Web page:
The pricing for Amazon EMR deployed on AWS Outposts is consistent with cloud-based instances of EMR.

For example, if an organization opts for general-purpose EC2 instances for their EMR clusters on Outposts, they can choose from various configurations such as the m5.12xlarge or the m6i.24xlarge, which in a cloud-based setting would cost $9.10074 per hour and $18.8669 per hour with no upfront payment, respectively. 

For compute-optimized instances like the c5.24xlarge, the rate would be $4.08576 per hour with no upfront payment.

Memory-optimized instances are also available for EMR on Outposts. For example, an r5.24xlarge instance would be priced at $5.42178 per hour with no upfront payment. Specialized configurations for accelerated computing tasks, such as the g4dn.12xlarge, are priced at $3.14392 per hour with no upfront payment.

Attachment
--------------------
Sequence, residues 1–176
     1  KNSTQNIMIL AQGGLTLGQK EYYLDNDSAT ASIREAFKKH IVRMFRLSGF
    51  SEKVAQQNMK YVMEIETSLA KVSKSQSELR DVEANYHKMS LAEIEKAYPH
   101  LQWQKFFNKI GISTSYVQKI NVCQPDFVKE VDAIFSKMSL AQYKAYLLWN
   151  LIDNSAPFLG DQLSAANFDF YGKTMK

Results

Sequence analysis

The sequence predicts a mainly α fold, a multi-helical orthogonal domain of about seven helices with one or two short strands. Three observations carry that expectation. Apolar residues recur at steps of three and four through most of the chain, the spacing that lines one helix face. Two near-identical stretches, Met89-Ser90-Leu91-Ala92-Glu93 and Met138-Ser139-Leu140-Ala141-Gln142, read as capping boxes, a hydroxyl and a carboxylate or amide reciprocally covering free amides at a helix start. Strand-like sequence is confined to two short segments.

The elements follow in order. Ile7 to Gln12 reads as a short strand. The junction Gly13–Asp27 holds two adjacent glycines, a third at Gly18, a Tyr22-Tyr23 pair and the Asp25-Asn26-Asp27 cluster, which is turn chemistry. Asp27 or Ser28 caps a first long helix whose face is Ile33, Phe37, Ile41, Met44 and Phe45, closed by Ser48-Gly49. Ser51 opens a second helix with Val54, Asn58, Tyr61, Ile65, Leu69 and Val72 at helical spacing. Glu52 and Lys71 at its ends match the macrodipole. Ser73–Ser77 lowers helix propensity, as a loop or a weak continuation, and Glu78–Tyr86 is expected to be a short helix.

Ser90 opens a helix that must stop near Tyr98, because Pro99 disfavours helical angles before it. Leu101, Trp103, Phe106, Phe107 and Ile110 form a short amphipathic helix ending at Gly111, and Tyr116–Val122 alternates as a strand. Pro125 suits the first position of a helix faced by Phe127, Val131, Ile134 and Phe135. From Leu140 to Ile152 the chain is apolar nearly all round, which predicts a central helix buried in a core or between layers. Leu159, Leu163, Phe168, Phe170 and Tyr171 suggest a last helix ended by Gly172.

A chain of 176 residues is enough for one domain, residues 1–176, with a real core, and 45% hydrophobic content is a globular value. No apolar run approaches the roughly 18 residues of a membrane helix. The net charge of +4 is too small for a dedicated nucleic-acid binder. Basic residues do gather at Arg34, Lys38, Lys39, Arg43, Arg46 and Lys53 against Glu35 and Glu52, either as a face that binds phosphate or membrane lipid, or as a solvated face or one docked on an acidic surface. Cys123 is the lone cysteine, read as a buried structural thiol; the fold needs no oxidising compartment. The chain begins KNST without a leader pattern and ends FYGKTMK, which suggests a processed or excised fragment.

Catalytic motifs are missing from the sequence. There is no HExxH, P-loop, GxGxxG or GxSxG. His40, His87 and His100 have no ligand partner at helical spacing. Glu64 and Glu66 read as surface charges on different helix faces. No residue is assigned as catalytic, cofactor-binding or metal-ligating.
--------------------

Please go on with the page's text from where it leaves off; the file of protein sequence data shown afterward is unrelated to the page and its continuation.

5 AWS EMR Best Practices

1. Compress Mapper Outputs in Memory

EMR lets you compress the map function’s memory footprint to ensure large jobs complete quickly. Compressing the mappers’ output in memory can help prevent the output from being written to disk. It is important when there EMR needs to map a large amount of data. Go to the core node properties to enable this option.

2. Cluster in VPC

You can use the EC2-VPC platform to launch and manage AWS EMR clusters instead of EC2-Classic. Here are the benefits of clustering in VPC: 

  • Improved networking infrastructure – access to features that enable network isolation, private IP addresses, and private subnets. 
  • Flexible control over access security – EC2-VPC lets you use network access control lists (ACLs), security group outbound/egress traffic filtering, and other features you can use to protect sensitive data in EMR clusters.